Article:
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  • LLNL scientist Benjamin Santer and his climbing group ascend Mt. St. Helens via the "Dogshead Route" in April 1980, about a month before its major eruption. The group was the last to reach the summit of Mt. St. Helens before its major eruption that May. New research by Santer and his colleagues shows that volcanic eruptions contribute to a recent warming "hiatus."

    The past two years have been marked by extreme weather in the Northern Hemisphere. It’s been either too warm and too cold. “Snowmaggedon” in the Northeast turned into this summer’s record-breaking sweat fest. The two extremes don’t cancel each other out, however. On the whole, the warm weather has beaten out the cold in frequency and magnitude, say Scripps Institute of Oceanography scientists. Moreover, they say that the cold weather can be explained by a natural climate cycle having to do with changes in atmospheric pressure at sea level, called the North Atlantic Oscillation. The heat waves could only be explained by a trend towards warmer and warmer weather that is believed to be climate change. “Over the last couple of years, natural variability seemed to produce the cold extremes, while the warm extremes kept trending just as one would

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  • A massive crack runs about 29 kilometers (18 miles) across the Pine Island Glacier's floating tongue, marking the moment of creation for a new iceberg that will span about 880 square kilometers (340 square miles) once it breaks loose from the glacier. Lawrence Livermore research shows that the glacier's recent melt may go on for decades or centuries.

    The IPCC assumes sea levels have barely changed over the past two millennia, setting today’s rate of 2 to 3 millimeters per year in stark contrast. But some scientists are questioning that simplification. Ocean levels, it seems, have never been stagnant. Glaciers and ice sheets have come and gone. Land masses have moved course. The Earth’s crust has rebounded following glacial melt from the last Ice Age, and that’s changed the volume of water in the oceans too. Understanding the variability is key to predicting future sea level rise, write W. Roland Gehrels from the University of Plymouth, UK and colleagues in a paper published in the most recent issue of Eos, a publication of the American Geophysical Union. They say that falling sea levels have been the overall natural trend over the last 1,000 years, according to proxy data, making today’s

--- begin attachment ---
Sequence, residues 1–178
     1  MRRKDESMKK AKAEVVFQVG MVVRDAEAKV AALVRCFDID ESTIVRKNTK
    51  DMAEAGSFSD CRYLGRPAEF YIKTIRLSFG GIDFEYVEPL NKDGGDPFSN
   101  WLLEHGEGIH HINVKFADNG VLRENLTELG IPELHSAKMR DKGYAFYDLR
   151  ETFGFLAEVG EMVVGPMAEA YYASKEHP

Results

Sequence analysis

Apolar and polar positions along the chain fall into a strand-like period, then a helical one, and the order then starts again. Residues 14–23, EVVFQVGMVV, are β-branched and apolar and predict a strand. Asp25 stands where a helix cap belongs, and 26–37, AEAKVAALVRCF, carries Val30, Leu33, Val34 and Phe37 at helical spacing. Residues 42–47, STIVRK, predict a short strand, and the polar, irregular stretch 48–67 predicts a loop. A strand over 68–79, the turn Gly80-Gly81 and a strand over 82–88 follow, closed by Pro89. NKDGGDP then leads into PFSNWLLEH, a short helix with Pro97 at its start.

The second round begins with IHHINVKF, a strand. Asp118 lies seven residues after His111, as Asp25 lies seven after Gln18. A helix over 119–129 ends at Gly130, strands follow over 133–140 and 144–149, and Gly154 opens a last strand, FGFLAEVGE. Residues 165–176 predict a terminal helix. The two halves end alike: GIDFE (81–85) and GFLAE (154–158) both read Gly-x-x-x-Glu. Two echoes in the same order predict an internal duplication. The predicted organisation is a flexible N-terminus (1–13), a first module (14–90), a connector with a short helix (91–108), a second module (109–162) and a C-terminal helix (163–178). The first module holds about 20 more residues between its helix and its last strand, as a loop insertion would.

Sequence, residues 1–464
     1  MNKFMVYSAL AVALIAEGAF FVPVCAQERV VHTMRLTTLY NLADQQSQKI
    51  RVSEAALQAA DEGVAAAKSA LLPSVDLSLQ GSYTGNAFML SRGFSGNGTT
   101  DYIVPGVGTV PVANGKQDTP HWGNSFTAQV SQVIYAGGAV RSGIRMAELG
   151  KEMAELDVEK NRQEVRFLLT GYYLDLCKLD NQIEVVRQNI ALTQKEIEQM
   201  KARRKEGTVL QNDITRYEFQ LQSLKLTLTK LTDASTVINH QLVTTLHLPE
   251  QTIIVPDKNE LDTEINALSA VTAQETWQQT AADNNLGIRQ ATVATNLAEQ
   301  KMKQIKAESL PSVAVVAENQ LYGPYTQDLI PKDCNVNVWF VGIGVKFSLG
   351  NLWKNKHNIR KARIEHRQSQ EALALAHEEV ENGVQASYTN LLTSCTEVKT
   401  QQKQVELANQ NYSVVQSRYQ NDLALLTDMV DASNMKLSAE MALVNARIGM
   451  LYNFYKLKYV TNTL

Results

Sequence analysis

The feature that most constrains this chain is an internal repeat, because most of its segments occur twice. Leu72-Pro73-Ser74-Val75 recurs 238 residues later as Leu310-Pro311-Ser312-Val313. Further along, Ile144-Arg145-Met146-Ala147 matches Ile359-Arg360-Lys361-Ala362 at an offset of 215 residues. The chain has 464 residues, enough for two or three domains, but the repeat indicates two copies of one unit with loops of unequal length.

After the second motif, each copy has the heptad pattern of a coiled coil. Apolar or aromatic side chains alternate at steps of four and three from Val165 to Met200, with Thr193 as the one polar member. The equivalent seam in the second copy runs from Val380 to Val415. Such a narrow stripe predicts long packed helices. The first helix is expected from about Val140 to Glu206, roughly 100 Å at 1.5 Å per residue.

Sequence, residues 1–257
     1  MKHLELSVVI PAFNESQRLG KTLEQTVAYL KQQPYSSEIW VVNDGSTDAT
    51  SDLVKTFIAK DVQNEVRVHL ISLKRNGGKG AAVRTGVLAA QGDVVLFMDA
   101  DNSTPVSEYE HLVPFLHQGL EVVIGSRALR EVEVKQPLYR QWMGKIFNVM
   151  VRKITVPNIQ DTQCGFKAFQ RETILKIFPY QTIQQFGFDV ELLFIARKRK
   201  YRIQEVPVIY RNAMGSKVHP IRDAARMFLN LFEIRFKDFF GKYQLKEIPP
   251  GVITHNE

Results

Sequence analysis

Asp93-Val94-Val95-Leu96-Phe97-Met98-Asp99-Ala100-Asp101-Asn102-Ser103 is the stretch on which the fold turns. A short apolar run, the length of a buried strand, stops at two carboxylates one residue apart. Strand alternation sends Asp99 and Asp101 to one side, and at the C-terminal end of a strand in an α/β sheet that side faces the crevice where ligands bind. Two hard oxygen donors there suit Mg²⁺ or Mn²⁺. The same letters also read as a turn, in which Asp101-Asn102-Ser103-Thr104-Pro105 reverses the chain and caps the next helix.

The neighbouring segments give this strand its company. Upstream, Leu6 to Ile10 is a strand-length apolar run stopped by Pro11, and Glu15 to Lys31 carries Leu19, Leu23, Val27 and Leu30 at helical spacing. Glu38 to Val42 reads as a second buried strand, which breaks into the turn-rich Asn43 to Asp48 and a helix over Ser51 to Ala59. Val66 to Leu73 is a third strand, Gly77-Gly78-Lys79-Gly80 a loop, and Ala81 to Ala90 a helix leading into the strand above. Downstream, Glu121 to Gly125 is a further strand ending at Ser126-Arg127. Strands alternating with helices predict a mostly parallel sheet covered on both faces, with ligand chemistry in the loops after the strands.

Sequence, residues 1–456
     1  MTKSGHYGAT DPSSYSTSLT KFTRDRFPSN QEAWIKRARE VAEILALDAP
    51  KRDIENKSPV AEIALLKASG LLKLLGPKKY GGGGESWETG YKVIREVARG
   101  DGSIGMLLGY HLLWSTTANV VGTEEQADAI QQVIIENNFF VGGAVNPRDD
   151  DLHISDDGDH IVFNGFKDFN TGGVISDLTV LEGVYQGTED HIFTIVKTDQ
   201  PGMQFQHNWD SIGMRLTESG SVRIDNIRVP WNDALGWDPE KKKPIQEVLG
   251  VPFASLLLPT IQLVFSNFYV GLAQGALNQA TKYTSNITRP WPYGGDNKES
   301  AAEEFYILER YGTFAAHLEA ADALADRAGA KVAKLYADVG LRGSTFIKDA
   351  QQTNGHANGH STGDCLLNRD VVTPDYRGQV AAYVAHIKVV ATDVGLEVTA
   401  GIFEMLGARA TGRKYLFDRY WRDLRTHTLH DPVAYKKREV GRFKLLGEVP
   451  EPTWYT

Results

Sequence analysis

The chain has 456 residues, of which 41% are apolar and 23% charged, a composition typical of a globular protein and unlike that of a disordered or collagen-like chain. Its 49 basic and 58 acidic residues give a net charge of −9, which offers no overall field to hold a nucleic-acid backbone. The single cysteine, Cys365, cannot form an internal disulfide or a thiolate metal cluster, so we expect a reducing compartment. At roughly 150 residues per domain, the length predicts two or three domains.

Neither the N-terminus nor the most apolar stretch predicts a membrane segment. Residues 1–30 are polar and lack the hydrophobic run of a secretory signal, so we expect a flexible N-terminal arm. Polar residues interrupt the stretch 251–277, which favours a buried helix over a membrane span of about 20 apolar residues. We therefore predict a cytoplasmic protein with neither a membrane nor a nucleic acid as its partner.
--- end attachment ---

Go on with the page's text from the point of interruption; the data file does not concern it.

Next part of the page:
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  • EarlyClimate

    Climate change destabilizes natural ecosystems, but does it also instigate war? A new study in the journal Nature sheds light on the hotly contested debate about whether climate variability plays a role in the onset of violence, especially in poor countries. The researchers led by Solomon Hsiang from Columbia University’s School of International and Public Affairs focused on natural global climate cycles. They found that the arrival of El Niño, which raises temperatures and cuts rainfall in tropical countries, is associated with a doubling of the risk of civil war in 90 tropical countries. As such, El Niño may help account for about one-fifth of worldwide conflicts during the past 50 years. Historians and climatologists have long associated heat and droughts with the shaking and falling of past civilizations. Just think of Jared Diamond‘s bestseller: Collapse: How Societies Choose to

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  • Saturn jet stream

    It’s not every day that you discover a new ocean current – especially one in the Arctic that could be impacted by climate change. But scientists at the University of Bergen in Norway, in concert with the Woods Hole Oceanographic Institute, have done just that. Deep below the ocean surface off Iceland, Kjetil VÃ¥ge and colleagues came across what they’ve named the North Icelandic Jet, a key contributor to the Atlantic Ocean conveyor belt. This overturning of warm water from the tropics with dense, cool water from Arctic helps regulate climate along the Atlantic seaboard. It’s why Europe isn’t freezing cold, despite being at such high latitudes. In a paper published online this week in the journal Nature Geoscience, the authors state that this newly discovered jet stream is accountable for about half the total overflow transport to the Arctic’s

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  • IceBite Lake Joyce Antarctica

    Scientists trying to map the melting of ice in Antarctica have come up with a discovery. Much of the ice flowing into the ocean is not the result of “deformation” of glaciers. Rather, the ice is sliding along bedrock. “That’s critical knowledge for predicting future sea level rise,” said Thomas Wagner, a NASA cryospheric program scientist in a press release. “It means that if we lose ice at the coasts from the warming ocean, we open the tap to massive amounts of ice in the interior.” The study, published last week in the online journal Science, involved the first complete map of Antarctic ice sheet flow. Although parts of Antarctica have been well document aerially, the vast extent of East Antarctica, which comprises more than three-quarters of the continent, has been devoid of quality data. Using 900 satellite tracks and